The Douglas County Heritage Conservation Council (HCC) will host a two-day conference on local history, heritage and preservation efforts, featuring a diverse group of speakers and tours of historic landmarks.
“Trails, Tales and Structures: The Stories of Douglas County Heritage,” slated for June 24-25 in Baldwin City, is free to attend and open to the public. Those interested in attending should register at this link.
“The conference hopes to bring together people from Douglas County to showcase some really amazing sites and heritage,” HCC Chair Amy Van de Riet said in a news release from the county.
On Friday, June 24, attendees will visit each of the three landmarks, including Black Jack Battlefield and Nature Park, Santa Fe Trail, and Prairie City Cemetery on rotating site tours. The day will conclude with a social hour and refreshments at the Lumberyard Arts Center in downtown Baldwin City. Buses will be available for transportation to and from the tour sites.
Everyone will then gather Saturday in Rice Auditorium at Baker University to hear from a diverse group of panelists, some of whom are leaders of grassroots organizations that have received a Natural and Cultural Heritage grant from the HCC.
Among the scheduled panelists and their respective topics are the following:
• Rep. Christina Haswood will discuss the importance of heritage preservation.
• Alex Kimball Williams, co-founder of B.L.A.C.K. (Black Literature and Arts Collective of Kansas) Lawrence, will speak about recording oral histories.
• Stan Hernly is the owner of Hernly Associates, Inc., an architectural design firm in downtown Lawrence. Hernly will speak about the use of tax credits in preservation projects.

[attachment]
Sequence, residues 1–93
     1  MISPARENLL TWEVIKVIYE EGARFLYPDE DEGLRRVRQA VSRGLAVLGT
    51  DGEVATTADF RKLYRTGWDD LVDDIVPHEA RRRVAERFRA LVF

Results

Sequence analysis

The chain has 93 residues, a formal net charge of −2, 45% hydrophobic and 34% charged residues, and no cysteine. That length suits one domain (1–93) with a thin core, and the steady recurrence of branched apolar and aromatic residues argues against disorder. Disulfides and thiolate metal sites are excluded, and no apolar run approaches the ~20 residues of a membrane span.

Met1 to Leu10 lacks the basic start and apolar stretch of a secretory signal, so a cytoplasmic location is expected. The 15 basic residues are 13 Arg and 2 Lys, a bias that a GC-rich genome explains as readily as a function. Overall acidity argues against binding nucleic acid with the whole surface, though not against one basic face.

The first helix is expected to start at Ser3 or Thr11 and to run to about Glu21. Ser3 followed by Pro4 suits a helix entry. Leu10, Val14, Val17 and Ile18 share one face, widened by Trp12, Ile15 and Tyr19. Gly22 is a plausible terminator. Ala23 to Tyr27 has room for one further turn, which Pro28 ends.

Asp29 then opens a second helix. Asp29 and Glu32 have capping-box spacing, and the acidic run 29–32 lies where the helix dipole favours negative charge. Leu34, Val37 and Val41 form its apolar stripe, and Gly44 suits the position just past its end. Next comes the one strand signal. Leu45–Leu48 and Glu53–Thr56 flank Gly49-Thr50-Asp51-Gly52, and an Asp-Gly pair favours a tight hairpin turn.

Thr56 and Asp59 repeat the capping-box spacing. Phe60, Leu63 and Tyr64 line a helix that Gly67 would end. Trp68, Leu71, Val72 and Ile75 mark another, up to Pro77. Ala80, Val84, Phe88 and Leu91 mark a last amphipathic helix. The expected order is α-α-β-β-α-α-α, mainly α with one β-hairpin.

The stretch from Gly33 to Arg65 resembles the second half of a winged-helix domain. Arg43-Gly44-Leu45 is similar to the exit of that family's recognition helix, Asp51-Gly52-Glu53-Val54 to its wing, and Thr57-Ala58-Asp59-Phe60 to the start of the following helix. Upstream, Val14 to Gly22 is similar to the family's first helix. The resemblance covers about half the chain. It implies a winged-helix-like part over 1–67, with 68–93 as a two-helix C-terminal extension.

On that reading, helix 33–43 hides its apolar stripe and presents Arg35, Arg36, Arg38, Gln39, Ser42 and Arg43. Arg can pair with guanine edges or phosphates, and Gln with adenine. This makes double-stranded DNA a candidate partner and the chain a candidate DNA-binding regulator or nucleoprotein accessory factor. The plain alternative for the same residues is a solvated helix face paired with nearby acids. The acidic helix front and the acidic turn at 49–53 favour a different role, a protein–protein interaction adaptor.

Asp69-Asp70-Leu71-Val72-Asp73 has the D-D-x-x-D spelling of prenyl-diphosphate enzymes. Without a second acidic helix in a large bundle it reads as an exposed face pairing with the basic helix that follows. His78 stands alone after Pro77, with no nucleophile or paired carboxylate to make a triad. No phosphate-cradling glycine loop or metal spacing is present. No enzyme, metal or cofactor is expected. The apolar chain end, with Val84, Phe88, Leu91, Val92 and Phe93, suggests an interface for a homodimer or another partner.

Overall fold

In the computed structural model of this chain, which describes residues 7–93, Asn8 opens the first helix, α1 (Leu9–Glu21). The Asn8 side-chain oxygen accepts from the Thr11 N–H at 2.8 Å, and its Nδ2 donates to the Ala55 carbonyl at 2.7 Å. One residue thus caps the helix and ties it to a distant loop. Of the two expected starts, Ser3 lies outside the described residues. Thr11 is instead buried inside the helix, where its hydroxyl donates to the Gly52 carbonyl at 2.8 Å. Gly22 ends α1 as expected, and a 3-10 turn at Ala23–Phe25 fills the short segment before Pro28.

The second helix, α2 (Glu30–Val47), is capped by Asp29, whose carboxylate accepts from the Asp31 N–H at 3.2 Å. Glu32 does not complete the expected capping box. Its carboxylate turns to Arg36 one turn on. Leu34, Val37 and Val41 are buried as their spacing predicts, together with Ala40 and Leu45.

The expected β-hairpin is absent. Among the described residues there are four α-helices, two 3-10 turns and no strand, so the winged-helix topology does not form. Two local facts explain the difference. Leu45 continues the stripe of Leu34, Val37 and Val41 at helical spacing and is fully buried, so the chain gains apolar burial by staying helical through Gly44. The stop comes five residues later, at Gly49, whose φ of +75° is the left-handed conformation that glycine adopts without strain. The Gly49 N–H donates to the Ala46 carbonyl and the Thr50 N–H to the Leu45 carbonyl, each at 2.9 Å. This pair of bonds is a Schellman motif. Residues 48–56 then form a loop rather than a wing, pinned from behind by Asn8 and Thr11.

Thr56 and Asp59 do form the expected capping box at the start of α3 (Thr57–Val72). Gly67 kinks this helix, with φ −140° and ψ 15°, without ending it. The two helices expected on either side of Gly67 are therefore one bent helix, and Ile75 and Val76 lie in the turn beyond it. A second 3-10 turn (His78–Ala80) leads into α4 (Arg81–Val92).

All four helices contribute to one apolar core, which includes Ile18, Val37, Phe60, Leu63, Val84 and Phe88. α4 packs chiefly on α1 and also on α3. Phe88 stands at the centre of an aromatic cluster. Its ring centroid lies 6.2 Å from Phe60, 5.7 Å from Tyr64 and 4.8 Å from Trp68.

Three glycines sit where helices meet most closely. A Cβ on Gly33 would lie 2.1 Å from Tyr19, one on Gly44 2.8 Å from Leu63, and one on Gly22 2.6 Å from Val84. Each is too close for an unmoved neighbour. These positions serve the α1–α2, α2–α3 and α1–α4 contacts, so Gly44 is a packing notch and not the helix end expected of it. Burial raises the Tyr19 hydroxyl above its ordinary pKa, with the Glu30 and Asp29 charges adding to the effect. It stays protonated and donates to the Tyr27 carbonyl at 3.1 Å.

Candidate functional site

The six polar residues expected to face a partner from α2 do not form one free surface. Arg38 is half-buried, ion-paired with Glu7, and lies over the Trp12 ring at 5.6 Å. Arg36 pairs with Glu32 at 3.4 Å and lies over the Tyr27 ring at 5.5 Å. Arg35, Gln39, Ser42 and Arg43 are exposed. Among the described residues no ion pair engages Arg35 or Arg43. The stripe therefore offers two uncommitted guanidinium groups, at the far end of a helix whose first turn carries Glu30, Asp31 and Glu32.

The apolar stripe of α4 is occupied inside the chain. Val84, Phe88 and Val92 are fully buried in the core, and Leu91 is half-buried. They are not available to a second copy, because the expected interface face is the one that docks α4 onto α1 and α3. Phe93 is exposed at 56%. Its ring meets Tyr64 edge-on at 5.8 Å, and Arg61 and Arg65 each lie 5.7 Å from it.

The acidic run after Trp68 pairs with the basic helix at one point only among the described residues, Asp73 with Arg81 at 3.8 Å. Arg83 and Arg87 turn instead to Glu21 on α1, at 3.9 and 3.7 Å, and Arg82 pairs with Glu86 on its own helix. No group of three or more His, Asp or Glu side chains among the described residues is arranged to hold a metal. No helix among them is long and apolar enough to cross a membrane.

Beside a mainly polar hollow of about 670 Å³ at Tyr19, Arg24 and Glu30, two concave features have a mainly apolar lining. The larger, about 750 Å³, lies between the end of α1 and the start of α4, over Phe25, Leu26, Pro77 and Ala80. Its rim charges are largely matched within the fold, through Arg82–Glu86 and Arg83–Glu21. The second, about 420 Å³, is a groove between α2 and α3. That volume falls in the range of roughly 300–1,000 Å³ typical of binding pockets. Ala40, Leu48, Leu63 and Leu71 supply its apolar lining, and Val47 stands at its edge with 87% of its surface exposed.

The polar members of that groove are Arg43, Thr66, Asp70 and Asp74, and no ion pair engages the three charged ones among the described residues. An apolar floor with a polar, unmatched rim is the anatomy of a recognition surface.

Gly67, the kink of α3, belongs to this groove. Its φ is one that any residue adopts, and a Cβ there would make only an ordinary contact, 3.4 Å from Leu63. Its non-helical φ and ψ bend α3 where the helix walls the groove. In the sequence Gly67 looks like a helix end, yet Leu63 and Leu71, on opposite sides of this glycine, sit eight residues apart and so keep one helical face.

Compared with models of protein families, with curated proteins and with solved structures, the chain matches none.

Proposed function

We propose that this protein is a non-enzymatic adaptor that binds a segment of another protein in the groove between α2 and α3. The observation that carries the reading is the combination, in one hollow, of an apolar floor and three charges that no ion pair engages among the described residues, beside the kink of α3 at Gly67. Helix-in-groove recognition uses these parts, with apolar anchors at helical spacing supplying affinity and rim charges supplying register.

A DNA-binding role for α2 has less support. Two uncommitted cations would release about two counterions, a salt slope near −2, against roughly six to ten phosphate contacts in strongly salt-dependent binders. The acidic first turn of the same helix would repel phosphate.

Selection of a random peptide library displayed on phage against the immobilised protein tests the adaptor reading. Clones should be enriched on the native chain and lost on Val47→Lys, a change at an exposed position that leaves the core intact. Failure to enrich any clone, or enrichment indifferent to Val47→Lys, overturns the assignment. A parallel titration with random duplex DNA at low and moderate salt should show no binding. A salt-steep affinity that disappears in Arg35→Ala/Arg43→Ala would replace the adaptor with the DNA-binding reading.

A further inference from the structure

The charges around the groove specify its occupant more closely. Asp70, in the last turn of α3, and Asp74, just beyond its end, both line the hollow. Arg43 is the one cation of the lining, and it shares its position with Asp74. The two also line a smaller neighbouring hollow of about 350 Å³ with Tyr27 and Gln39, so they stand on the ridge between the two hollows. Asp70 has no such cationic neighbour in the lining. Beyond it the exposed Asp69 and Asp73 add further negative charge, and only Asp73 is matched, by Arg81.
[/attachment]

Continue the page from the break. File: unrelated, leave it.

• Araceli Masterson, of Somos Lawrence — an organization that aims to make community resources more accessible to people who speak Spanish — will discuss the role of immigrant communities in the building of Douglas County heritage.
• Jancita Warrington is an artist, dancer, singer and historian, and she provides Indigenous consulting services to the community. Warrington will share information about archival research and the experiences of Haskell Indian Nations University’s first students.
• Kelly Kindscher, co-founder of nonprofit land preservation organization Kansas Land Trust, will discuss conserving Douglas County’s natural heritage and open spaces.
• Jay Johnson, director of the Center for Indigenous Science, Research, and Technology at KU, will highlight the reparative approach to returning Iⁿ ‘zhúje ‘waxóbe (the Sacred Red Rock) to the Kaw Nation.
Kaitlin Stanley, Douglas County heritage coordinator, shared her excitement about the diversity of the group of panelists and their abilities to share important, underrepresented stories.
“The lineup for speakers is really dynamic and they cover a broad range of experiences and knowledge. I’m looking forward to hearing from a variety of perspectives about preservation practices,” Stanley said in the release.
In addition to panel discussions, ongoing interactive sessions will be available during breaks throughout the day Saturday. There will be short films and audio stories about heritage playing at the Lumberyard Arts Center and Baldwin City Chamber of Commerce in addition to a limestone carving demonstration on Baker University’s campus.
HHC is collaborating with the Lumberyard Arts Center, the Baldwin City Chamber of Commerce, Lawrence Preservation Alliance, and Baldwin City to host this conference, which is being partially funded by a 2022 Historic Preservation Fund grant from the Kansas State Historic Preservation Office.
Further details on the preservation conference can be found at this link. Registration is required to reserve bus spots for the tours and attend other events. Registration is available at this link or by calling 785-727-8750 for assistance or questions.
More information on the HCC can be found at this link.